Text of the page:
Suddenly, student loans are nearing the top of the nation’s public policy debate. Indeed, President Obama is expected to make a big speech about them on Wednesday. Why the sudden ascendance? Probably because the burden of student loans is one of the few things OWSers are clearly angry about, and that has raised questions ranging from whether such loans should be dischargable in bankruptcy, to whether they help fuel the Saturn V rocket of college price inflation. And last Sunday GOP presidential contender Ron Paul jumped into the fray, suggesting we eliminate the federal student loan program entirely.
Paul is right about phasing out federal student loans. Unfortunately, that’s likely the last thing President Obama will propose.
The first reaction to hearing such a proposal is that it’s Grinch-level heartlessness, stealing a better future from low-income kids. That is almost certainly what the president would say, and such a reaction would likely poll well. That’s why he’s expected to propose lowering interest rates, easing repayment, and other borrower-friendly measures. But as I lay out in a Cato Policy Analysis to be released imminently, by most indications federal student aid and other taxpayer-fueled subsidies aren’t good for anyone. (Well, anyone not employed by a college or university, the ultimate receiving end of all the forced largesse). By artificially—and hugely—boosting consumption, they ultimately lead to massive tuition inflation, encourage millions of unprepared people to take on studies they never finish, and pour H2O into already watered-down degrees. In other words, student aid—including federal lending—is likely a net loss to both students and society.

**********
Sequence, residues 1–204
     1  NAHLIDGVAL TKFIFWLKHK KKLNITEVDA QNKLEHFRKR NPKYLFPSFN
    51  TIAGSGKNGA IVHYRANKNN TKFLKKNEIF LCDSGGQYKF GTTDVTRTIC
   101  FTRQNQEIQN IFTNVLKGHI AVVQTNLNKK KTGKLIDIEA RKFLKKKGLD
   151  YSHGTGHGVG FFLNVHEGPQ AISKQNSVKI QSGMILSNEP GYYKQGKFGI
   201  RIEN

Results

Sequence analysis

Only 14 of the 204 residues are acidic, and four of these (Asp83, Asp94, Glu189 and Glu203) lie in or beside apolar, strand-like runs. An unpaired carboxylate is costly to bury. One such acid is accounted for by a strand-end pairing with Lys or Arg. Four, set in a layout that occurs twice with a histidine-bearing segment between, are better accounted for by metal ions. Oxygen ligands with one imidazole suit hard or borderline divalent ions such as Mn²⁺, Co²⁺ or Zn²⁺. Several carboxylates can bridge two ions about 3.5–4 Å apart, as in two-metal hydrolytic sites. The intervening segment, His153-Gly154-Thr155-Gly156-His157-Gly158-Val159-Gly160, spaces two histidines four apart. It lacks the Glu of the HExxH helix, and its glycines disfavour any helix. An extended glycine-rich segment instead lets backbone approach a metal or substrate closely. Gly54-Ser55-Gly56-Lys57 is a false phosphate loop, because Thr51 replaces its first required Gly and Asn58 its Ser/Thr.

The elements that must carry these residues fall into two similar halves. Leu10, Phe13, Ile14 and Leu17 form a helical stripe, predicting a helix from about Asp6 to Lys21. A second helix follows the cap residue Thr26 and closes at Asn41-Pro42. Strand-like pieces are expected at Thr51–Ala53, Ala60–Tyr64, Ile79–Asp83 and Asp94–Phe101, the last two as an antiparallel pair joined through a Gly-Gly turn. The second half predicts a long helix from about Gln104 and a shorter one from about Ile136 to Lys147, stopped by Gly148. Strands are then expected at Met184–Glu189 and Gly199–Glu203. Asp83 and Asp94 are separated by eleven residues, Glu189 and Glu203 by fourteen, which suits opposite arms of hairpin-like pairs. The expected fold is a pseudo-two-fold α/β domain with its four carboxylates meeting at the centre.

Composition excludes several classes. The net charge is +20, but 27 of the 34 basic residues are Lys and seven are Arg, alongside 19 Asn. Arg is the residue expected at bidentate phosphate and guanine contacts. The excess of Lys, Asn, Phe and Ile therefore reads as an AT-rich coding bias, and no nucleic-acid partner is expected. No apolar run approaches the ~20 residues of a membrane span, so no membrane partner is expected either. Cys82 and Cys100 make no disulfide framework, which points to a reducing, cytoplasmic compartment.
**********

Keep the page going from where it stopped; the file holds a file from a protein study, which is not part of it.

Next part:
But I’ve already said too much. If you want to get a lot more on this—and more on the many unintended evils of federal college policies—stand by for the release of my study. And if you’re in DC, come to Capitol Hill Thursday for a briefing on the subject with me and Rep. Virginia Foxx (R-NC). It should give OWSers, libertarians, conservatives, liberals, and anyone else lots to think about.